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  • Writer's pictureDea Schofield

Vitaortus' conception (or would it be pollination? Fertilization?)

Back in Early 2010, I noticed a number of journalists and critics asking a strange question of writers, actors, and production people involved with all the various Vampire-themed books and entertainment that had been creeping onto the market. The question was, “Does the world really need another vampire novel, film, TV show, etc.?”

I was perplexed. What kind of question was that? Quite clearly, these interviewers had no idea about their subjects’ oeuvre and no clue about its cognoscenti. I mean, after all, would you ask that question of other genres? What about the crime/detective novel, or horror, or romance, sci-fi, fantasy, mystery; what about historical fiction? Could you saturate the market with any of these? Basically, I thought that if you have to ask the question, you probably won’t appreciate or understand the answer. It’s a simple matter of preference.

John William Polidori The Vampyre
The one that really got things going. John William Polidori's wonderful cathartic howl about Lord Byron.

That was when I realized the vampire novel had really become its own genre. And like any genre, it had a lot of ‘eh, eh’ work, some good work and a little great work. But I also discovered something else when I went searching to see what fellow vampistas thought, which was that, like our dark heroes, we would be eternally thirsting for more, whether it’s soaked in bloody gore or sickly sweet romance.

I always loved the vampire mystique, starting with my first, Bela, who did it so beautifully on film. Everyone knows the original Dracula movie, but when was the last time you sat down to watch it? Oh—and pretend the armadillos are huge rats. Remember that it was 1931 and film was still only toddling at that point, so you whippersnappers must cut it some slack. It's much like the various aspects of Bram Stoker’s novel that would make it unpublishable today.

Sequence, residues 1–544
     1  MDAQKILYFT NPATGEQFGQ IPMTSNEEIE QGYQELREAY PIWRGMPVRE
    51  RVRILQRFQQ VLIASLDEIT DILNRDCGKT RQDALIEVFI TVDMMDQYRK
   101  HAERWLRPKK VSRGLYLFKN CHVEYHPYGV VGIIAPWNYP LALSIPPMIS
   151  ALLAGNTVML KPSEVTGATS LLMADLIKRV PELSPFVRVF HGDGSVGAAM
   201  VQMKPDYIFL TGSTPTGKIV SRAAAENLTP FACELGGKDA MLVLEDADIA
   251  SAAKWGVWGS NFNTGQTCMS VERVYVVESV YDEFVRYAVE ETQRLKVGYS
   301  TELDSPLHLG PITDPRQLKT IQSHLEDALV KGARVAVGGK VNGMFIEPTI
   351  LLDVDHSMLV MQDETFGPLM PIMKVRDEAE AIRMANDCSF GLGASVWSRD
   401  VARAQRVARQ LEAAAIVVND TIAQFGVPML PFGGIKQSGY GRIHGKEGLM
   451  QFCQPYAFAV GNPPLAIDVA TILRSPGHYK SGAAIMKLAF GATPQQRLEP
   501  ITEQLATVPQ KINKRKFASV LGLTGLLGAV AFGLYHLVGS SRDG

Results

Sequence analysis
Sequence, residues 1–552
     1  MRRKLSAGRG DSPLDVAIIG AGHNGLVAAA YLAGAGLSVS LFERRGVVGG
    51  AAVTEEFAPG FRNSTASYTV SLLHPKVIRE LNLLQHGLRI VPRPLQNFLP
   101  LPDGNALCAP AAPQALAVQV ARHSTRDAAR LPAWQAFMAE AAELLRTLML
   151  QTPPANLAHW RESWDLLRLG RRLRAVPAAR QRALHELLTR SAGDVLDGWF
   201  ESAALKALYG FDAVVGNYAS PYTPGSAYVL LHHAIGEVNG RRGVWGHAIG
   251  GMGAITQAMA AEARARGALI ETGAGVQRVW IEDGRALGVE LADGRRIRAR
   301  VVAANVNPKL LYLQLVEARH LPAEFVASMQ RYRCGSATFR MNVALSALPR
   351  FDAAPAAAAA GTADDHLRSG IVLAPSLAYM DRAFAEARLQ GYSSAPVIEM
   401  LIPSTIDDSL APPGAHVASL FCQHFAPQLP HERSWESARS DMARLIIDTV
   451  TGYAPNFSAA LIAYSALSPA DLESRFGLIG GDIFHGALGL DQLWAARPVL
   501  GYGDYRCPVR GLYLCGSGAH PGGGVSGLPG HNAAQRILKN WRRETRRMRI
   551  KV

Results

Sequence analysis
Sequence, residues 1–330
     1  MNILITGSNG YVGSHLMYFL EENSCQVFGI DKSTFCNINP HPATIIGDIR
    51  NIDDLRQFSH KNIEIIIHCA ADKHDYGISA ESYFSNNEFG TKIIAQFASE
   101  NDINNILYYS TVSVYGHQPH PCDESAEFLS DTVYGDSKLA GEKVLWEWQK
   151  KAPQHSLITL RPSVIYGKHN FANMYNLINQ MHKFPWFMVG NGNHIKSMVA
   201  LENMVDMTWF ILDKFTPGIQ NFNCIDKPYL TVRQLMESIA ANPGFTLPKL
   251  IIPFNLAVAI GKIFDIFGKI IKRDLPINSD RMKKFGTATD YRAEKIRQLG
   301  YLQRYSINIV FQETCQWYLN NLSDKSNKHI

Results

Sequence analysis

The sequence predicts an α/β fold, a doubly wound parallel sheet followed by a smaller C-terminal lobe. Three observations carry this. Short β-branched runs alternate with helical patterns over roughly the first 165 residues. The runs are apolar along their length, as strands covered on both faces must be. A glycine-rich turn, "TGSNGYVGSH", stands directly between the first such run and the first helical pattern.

I was deeply impacted by the imagery of his haven, the ambience and the supernatural intensity of Dracula’s presence and quiet, non-violent attacks. In some ways, it told more than the book. It created a special gothic place in me that I have cultivated ever since. And whatever it says about me, I have to admit that from even that young age, I found the ‘Undead’ as cool and intriguing as I did frightening. They weren’t like other monsters. They were more ‘us’, only darker, wiser, with a bizarre sex-appeal, and of course, diet…and sleeping habits. I sympathized with them.

But, as a lover also of Science Fiction, a few questions chewed like vermin through my brain. It seemed to me that immortal creatures would certainly have to take an interest in what was going on around them. You don’t hang out forever, hunting humans and not getting caught, if you don’t know how to adapt to the times and blend in. Poor Dracula wouldn’t make it too far these days, what with globalization and the technology that comes with the ever-present cell phone. And yet Stoker described him as being very well-read and very, very smart! *Update* The recent BBC version did a WONDERFUL job of bringing the character into the current era.

Another nagging thought was that if a Vampire wanted to live in one area, he/she would have to figure out a way to feed, because they’d get through their local supply in a pretty short time. Also, surely they wouldn’t need to consume much, not being warm-blooded – that’s just basic science, right? Fiction or not. And how would all the things that plague mankind affect such creatures? How did they evolve? And then I wondered, well jeez, all the toxic stuff in humans today would surely do a number on them … and my story was born (germinated?).

I began on Bastille Day, 2010, which my character Georges might or might not appreciate. And what kind of story would my sanguineous bundle be? There were so many choices: Romance, Horror, Mystery, Comedy, Tragedy, Satire … I could set it in current times, or in past or even future. But it made its own choices, based on my circumstances. Living in the Washington, D.C. environs, with an interest in enviro-political affairs, experience in horticulture and a whole host of other factors, ‘Vitaortus’ chose its own path. It told me loudly and clearly that Vampires were going to evolve because they had no intentions of being forced into extinction by unknowing, misunderstanding, disdainful newshounds and non-sanquiniphiles.

Oh, and they were going to use a supernatural plant to do it.

Tune in next blog for more about that!

Iucundissima somnia,


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